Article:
Fiona's Replacement

No, its not another Ural Sidecar Rig.  Close though in terms of speed, older in terms of years but more comfy in terms of weather.

Meet Mariko, a 1987 Suzuki Samurai mini-SUV.

Saw her on Craigslist about a week ago, and went to look at her on New Year's Eve, ending up buying her and driving her home.

From the Craiglist ad:



 I also bought from the Samurai's seller most of the required items to tow it behind the URRV in the near future....just have to figure out the wiring from the URRV's four pin connector to the Samurai's six pin connector by Blue Ox.

The ride home went fine, stopped a couple of times for pictures and to get her added to my auto insurance policy.

I said similar in speed....at this point I'm not sure who is faster getting to 60 mph, the Samurai or a Ural Sidecar Rig!  Let's just say it is 0 to 60, eventually.  After all, she's only a four banger with a 1.3L engine with a maximum of 60 anemic horse power due to her being 33 years old!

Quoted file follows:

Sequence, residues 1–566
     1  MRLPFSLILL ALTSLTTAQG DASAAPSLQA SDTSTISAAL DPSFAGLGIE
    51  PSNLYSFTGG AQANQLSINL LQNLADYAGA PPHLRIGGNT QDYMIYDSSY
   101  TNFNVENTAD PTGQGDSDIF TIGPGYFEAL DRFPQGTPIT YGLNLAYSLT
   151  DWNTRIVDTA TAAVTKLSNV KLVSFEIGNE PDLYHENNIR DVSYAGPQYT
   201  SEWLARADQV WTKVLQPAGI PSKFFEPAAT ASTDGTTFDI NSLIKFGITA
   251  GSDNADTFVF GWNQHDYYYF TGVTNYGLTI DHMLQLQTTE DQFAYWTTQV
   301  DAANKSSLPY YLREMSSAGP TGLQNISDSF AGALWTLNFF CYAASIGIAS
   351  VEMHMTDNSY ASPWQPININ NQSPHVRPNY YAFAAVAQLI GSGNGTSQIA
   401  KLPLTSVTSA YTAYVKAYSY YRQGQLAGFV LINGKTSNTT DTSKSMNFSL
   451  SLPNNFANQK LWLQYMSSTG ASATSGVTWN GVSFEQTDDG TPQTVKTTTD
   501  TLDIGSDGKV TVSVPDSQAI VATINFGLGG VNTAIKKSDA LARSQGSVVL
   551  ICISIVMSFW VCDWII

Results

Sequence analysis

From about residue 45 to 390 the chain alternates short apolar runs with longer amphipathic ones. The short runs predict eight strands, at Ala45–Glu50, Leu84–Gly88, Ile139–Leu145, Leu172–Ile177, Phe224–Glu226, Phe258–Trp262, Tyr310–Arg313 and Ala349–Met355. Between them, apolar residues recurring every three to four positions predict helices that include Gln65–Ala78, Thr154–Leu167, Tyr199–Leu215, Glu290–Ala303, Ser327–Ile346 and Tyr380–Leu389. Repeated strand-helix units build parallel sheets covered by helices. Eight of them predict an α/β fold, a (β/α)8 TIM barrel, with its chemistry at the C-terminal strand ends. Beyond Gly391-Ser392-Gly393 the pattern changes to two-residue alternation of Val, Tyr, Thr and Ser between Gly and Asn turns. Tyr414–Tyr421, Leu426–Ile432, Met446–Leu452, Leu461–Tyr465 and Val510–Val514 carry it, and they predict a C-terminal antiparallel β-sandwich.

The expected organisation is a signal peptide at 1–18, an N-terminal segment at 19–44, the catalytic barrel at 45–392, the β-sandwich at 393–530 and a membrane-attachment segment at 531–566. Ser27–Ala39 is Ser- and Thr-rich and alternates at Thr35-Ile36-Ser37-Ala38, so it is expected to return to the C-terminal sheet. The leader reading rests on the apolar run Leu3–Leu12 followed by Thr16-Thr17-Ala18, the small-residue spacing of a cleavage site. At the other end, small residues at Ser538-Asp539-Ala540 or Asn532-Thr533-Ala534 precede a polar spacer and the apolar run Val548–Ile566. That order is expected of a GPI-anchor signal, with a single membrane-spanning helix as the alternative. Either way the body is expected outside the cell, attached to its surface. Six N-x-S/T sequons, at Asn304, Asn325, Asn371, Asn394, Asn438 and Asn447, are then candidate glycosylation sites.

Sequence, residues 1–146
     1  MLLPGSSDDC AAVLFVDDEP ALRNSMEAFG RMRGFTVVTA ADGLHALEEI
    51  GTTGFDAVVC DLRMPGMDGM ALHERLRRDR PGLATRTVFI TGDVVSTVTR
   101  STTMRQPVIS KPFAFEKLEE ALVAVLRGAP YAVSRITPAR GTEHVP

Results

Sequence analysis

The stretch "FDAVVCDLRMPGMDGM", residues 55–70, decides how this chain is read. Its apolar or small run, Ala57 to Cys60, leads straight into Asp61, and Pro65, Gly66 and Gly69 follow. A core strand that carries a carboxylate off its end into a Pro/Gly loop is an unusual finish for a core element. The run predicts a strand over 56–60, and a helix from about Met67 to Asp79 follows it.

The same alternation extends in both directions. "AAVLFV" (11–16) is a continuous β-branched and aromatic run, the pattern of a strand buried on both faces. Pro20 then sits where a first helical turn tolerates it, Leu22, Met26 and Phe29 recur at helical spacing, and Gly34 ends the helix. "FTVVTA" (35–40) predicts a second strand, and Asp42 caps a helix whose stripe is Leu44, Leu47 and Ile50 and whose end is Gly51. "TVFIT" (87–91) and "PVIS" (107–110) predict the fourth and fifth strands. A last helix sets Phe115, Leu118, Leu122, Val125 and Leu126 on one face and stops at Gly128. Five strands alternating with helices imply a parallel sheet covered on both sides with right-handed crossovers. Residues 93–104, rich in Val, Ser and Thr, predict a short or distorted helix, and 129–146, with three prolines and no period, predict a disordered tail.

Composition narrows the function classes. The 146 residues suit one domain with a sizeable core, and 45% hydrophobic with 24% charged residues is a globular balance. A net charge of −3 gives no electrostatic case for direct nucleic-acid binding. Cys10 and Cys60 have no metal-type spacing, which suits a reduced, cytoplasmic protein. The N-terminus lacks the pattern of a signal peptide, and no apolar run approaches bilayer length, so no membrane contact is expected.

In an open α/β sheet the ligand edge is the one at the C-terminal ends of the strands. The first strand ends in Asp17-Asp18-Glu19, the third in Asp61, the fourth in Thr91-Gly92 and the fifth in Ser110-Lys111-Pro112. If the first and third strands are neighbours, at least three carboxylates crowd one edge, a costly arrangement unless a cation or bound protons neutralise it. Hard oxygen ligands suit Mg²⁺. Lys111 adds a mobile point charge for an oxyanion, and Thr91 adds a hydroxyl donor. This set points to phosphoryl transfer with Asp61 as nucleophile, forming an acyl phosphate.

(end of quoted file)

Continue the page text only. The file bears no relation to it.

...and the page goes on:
Got her home with no issues.  Then she presented me with one.

She's apparently easy to flood if you don't watch it when using the accelerator.  I think I gunned the engine a bit too much while in first gear, dealing with the steepness of the driveway where she'd been parked.  I shut off the engine once inside and I think she was flooded.  (I'm still getting used to the clutch pedal action)

This being a new experience for me, I proceeded to try and start her some more, making things worse.

I eventually stopped, took a look around and finally found some gas leaking from the cracked rubber sleeve used by the accelerator pump: